Thursday, November 27, 2008

Handgunning For Deer Offers Many Challenges


The mood crept up on me like a thief in the night. All of a sudden, there it was. A new and different way to hunt deer.

Handgunning for whitetails isn’t all that different except you must be, within reason, close enough to kill the animal with a bullet large enough to effectively do the job.

At the time I had two handguns that would do the job. One was a Thompson/Center Contender with two different barrels that offered a choice. One barrel was a .30-30 and the other was a .44 Magnum.

I also had a .44 Magnum revolver, and I was a pretty good shot with it. I thought about putting a scope on it, and decided I’d rather use iron sights and keep my shots within 50 yards.

The T/C Contender was a single-shot pistol. The hammer had to be cocked, and it’s true I could have used a scope on it but doing so didn’t make me feel good. I had time to practice shooting at 50 yards but chose not to try a scope on either handgun.

A .44 Magnum is a powerful handgun, and with a 240-grain hollow-point bullet, it would do the job. The recoil when shooting this revolver is substantial but I’d had it ported by Mag-na-Port, and that tamed it down considerably.

I could shoot a dozen rounds a day, and eventually got to where I could put five rounds into a two-inch circle with iron sights. It was plenty good enough if I had time to cock the hammer, aim and squeeze off a controlled shot.

The .30-30 was a different story. Shooting it was a far sight different than shooting the .44 Mag. The revolver had been ported, which helped reduce felt recoil and eliminate some of the muzzle jump.

The .30-30 was a different story. The recoil from this rifle cartridge came back more into the palm of my hand rather than back and up, and 10 shots of practice each day was all I wanted to handle.

I found myself much more accurate with the .30-30 at 50 yards although the felt recoil seemed much more punishing. It was taking some getting used to.

The practice continued through the summer, and the more I shot, the better I became. My eyes were good back in those days, and if I could spot a buck at 50 yards, I knew that killing the animal would be easy.

Shooting the T/C Contender for three months enabled me to condition myself to the felt recoil, which still seemed to be much more than with the .44 Magnum. Nov. 15 should be a snap if everything went as planned.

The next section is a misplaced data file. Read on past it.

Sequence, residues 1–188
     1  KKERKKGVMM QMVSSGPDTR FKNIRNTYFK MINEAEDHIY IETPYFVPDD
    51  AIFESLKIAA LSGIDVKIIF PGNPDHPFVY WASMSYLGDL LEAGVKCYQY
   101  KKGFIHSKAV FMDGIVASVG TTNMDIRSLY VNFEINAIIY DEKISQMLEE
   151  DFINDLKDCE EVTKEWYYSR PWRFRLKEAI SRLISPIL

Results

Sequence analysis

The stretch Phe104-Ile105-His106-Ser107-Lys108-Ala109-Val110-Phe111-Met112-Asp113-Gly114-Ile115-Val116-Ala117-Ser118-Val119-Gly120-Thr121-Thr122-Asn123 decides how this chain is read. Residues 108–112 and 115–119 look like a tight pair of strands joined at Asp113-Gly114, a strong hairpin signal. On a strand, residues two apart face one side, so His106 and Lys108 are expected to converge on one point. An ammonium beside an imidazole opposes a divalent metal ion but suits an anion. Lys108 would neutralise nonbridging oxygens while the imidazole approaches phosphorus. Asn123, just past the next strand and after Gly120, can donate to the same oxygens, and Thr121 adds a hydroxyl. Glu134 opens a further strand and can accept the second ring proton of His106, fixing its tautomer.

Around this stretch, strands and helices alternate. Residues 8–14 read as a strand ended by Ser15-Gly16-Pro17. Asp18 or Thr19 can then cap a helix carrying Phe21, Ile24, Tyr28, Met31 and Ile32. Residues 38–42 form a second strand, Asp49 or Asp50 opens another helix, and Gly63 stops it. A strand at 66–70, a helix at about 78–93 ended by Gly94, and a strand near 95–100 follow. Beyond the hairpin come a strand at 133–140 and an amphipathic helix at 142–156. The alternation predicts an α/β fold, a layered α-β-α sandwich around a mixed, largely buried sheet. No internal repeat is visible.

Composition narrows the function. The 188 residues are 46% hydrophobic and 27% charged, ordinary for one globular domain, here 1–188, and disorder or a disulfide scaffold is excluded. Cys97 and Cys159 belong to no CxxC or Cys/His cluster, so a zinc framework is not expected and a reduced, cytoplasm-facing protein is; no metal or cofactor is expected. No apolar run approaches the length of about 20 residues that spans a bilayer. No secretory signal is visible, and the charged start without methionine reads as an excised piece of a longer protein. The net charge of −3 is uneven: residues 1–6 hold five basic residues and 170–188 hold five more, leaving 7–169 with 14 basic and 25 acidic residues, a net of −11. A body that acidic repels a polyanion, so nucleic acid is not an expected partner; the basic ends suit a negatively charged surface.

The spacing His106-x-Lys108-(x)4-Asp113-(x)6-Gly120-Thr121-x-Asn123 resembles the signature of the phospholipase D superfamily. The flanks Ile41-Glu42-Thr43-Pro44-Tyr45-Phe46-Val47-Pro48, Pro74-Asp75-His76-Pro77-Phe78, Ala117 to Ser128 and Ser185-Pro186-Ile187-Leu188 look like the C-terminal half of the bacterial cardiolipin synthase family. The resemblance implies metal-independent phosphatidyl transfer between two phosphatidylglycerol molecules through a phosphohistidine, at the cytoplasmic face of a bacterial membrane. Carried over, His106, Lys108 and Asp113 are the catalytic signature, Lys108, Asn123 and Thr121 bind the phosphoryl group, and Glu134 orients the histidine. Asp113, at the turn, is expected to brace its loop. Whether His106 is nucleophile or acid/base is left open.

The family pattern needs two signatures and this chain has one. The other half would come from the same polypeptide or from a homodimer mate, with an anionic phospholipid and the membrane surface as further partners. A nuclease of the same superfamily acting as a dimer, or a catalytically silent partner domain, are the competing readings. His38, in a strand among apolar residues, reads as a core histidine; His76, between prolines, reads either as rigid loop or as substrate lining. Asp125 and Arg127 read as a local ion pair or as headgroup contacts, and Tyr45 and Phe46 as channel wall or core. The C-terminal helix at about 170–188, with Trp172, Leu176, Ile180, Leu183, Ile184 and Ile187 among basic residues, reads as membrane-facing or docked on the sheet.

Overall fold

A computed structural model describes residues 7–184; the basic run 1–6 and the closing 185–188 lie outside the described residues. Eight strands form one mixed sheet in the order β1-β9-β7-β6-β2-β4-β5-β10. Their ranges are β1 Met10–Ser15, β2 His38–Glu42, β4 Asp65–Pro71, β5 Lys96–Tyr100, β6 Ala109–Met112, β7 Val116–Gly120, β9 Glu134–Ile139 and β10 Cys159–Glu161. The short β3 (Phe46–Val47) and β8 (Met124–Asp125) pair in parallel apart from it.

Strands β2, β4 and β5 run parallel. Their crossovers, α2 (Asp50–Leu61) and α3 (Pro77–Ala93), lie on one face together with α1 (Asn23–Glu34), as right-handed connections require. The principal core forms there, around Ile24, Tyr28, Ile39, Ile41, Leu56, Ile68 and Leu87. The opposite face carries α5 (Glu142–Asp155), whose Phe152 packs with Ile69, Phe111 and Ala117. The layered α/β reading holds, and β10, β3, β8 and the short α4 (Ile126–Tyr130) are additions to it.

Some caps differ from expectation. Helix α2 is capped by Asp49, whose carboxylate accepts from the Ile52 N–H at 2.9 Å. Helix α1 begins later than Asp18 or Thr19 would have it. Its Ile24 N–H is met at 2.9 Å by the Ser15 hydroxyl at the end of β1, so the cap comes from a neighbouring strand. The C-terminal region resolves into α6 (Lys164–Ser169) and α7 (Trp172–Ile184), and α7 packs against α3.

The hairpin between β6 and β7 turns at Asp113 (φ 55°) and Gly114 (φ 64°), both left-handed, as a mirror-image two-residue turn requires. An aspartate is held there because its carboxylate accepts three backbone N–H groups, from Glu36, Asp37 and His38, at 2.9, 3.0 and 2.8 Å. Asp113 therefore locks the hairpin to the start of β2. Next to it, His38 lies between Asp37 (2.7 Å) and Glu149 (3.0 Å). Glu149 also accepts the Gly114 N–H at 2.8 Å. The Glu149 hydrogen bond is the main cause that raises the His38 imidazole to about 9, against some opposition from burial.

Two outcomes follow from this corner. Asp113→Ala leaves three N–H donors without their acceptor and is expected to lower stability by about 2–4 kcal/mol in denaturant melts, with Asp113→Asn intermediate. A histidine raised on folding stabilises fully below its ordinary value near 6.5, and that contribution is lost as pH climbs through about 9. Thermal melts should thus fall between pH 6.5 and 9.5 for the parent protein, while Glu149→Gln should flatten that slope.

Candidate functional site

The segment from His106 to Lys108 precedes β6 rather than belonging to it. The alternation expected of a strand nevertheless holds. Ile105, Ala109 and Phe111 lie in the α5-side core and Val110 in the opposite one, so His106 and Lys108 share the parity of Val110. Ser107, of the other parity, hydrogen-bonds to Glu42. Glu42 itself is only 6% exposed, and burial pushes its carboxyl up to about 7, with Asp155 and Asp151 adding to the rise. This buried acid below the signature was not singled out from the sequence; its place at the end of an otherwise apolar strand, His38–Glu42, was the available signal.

Opening day came that year with some snow on the ground and partly cloudy skies. My stand was well positioned 40 yards downwind of where three active deer trails came through a tag alder swale, spread out, and gradually came back together to neck down into a funnel between two heavy patches of cover.

There was a coin flip, and I chose the T/C Contender with the .30-30 barrel. I had two extra cartridges in my pocket, but a single-shot handgun doesn’t offer fast reloading. One shot means taking enough time to get the right shot.

I’d been setting on stand for two hours. It wasn’t a cold day, and dozens of does had trickled past but I wanted a buck with the handgun. It didn’t have to be a wall-hanger because the area I was hunting didn’t produce many big deer.

Soon a young buck could be seen easing through the cover. He came down one of the deer trails, and it gradually merged with the other two at 40 yards. It stopped where all three deer trails came together, turned broadside and looked back over his off-side shoulder.

Satisfied, he turned and took one step. The sight picture looked perfect, and I took up the last ounce or two of trigger pressure with the sights behind his front shoulder and shot.

The shot seemed excessively loud that morning but my eyes continued to track the animal. I could see the red stain behind his front shoulder, and after 50 yards he crashed to the ground.

Later, I shot another buck with the .44 magnum, and also shot a wild boar with the T/C and the .30-30 barrel, and a javelina with a 9 mm. It’s not that I don’t enjoy hunting with a handgun, but now I basically just shoot paper holes to maintain some form of consistent practice.

Can handgun hunting be a challenge for you? Of course it can, and I know a number of people who hunt all the time with a handgun. Who knows, I may go back to it again.

But, for now, I’m still locked into hunting with a bow and a muzzleloader. And, although handguns are fully capable of killing game far beyond my 50-yard range, long-range handgun shooting is not for me.

It may be your cup of tea, and if so I know you enjoy it, but after a lifetime of bow hunting, it gives me a bigger kick to have game within 20 yards when a shot is taken. Up close and personal is what bow hunting means to me.

Posted by Dave Richey on 11/27 at 07:19 PM
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